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Grazing marsh is a British Isles term for flat, marshy grassland in polders. It consists of large grass fields separated by fresh or brackish ditches, and is often important for its wildlife.



Grazing marshes were created from medieval times by building sea walls (earth banks) across tidal mudflats and salt marsh to make polders (though the term "polder" is little used in Britain). Polders in Britain are mostly drained by gravity, rather than active pumping. The original tidal drainage channels were augmented by new ditches, and flap valves in the sea walls let water drain out at low tide and prevent the sea or tidal river from entering at high tide. Constructing polders in this way is called inning or reclaiming from the sea.

Grazing marshes have been made in most lowland estuaries in Britain, often leaving only the river channel and the lowest part of the estuary tidal. In a few cases (such as Newtown Harbour on the Isle of Wight, and Pagham Harbour in West Sussex) the sea walls have been breached, and the estuaries have returned to a tidal state. Grazing marshes have also been made on low-lying open coasts.

Many grazing marshes were inned in stages, and the old sea walls (called counter walls) may be found marooned far from the current sea wall. Land levels on either side of a counter wall often differ by several metres. Paradoxically, the lower side is the land inned earlier, because sediment continued to build up on the side that remained tidal.


Wintering wildfowl are characteristic of grazing marshes, often including large flocks of Eurasian wigeon, brent goose, white-fronted goose and Bewick's swan. Many of these birds are hunted by predators such as peregrine and marsh harrier.

In summer, waders such as common redshank, Eurasian curlew and northern lapwing breed.

The ditches often have a range of salinity, depending on how close to the sea wall they are. The more saline ditches host specialist brackish-water plants and animals. These include, for example, the rare brackish amphipod Gammarus insensibilis and sea club-rush (Bolboschoenus maritimus). Fresher ditches may support rare animals, such as the great silver water beetle (Hydrophilus piceus) and the great raft spider (Dolomedes plantarius), and a wide range of pondweeds (Potamogeton and relatives).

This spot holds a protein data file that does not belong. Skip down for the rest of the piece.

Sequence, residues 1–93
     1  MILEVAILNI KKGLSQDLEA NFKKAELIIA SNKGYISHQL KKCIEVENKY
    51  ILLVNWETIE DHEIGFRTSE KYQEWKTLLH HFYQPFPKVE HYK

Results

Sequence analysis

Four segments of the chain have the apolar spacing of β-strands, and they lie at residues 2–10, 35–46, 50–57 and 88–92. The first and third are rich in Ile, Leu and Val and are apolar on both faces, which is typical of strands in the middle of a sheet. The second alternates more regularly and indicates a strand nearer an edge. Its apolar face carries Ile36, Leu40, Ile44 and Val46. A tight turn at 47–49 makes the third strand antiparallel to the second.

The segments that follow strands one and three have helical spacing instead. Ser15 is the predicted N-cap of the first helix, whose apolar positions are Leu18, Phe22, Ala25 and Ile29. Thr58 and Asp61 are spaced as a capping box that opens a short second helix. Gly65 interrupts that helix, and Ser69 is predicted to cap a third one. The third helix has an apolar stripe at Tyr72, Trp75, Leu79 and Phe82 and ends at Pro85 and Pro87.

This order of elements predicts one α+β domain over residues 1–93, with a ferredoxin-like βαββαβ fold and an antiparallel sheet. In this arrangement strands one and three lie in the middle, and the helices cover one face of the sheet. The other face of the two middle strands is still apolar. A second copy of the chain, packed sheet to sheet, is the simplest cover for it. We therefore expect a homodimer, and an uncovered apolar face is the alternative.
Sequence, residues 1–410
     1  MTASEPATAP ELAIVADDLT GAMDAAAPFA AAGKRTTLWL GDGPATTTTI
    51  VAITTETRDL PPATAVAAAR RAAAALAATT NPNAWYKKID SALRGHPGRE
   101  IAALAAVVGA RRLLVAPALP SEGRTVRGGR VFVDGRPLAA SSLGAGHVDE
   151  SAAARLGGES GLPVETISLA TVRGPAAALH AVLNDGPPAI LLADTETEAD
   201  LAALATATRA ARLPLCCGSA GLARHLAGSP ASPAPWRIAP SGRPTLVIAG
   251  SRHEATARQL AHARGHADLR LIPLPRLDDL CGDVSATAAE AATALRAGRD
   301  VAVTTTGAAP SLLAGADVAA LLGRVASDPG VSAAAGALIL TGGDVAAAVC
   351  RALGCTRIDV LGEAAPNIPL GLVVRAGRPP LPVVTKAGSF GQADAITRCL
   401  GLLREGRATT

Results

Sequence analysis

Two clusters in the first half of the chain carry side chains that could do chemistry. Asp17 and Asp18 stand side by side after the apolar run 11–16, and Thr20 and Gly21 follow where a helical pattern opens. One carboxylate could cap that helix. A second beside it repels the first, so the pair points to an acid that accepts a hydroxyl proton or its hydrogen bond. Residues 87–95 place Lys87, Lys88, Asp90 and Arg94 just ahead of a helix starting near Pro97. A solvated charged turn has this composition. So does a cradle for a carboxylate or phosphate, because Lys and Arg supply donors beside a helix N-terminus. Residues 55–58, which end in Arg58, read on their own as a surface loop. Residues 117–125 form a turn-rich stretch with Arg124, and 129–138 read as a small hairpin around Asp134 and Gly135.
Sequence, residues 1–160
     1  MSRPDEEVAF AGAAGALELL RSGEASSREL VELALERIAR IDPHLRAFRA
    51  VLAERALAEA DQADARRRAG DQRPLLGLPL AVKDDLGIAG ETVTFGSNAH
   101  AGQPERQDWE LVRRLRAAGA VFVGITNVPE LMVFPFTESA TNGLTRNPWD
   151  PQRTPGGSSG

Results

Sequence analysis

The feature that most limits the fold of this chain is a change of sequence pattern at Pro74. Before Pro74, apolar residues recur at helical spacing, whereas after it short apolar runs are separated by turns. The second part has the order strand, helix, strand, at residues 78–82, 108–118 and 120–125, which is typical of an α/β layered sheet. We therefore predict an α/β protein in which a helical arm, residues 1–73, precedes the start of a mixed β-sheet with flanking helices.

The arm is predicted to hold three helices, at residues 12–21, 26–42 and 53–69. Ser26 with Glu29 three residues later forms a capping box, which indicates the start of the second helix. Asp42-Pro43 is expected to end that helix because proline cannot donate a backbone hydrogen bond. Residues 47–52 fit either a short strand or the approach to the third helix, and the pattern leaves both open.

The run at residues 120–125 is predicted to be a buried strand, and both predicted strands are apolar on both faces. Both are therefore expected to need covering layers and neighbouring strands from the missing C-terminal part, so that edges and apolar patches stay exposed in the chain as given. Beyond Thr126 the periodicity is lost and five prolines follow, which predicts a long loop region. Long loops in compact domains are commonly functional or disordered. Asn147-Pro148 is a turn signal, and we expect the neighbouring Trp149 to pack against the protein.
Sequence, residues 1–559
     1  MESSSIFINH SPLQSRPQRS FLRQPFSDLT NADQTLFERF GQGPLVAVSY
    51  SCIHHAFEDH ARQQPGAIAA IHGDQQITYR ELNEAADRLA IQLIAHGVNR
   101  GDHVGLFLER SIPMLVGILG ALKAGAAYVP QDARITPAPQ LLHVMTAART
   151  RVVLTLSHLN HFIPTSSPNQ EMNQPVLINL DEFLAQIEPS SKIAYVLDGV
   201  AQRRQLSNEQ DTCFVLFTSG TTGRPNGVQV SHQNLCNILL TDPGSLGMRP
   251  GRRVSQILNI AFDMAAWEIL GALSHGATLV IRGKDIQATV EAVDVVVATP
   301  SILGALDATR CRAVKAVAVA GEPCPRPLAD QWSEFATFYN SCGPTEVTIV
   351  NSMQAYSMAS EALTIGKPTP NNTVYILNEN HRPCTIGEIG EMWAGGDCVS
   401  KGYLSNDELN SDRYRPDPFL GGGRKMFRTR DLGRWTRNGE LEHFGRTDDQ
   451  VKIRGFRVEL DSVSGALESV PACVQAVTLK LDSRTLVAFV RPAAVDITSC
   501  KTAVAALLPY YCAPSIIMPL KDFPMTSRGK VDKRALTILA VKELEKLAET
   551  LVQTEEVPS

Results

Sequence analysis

The grassland vegetation usually has a fairly small number of species, but those present are often scarce elsewhere, such as sea arrowgrass (Triglochin maritimum), divided sedge (Carex divisa) and strawberry clover Trifolium fragiferum.


Many grazing marshes have been converted into arable land, often using pumped drainage to lower the water levels enough to grow crops. The low ditch levels and agricultural runoff combine to remove much of the aquatic wildlife, although the arable fields may still be used by some wintering wildfowl.

Some areas of grazing marsh and other polder land have been used to recreate tidal habitats by a process of managed retreat.

Many of the larger areas of grazing marsh bear nature conservation designations, including Site of Special Scientific Interest, Special Protection Area, Special Area of Conservation and Ramsar Site.

Examples of grazing marshEdit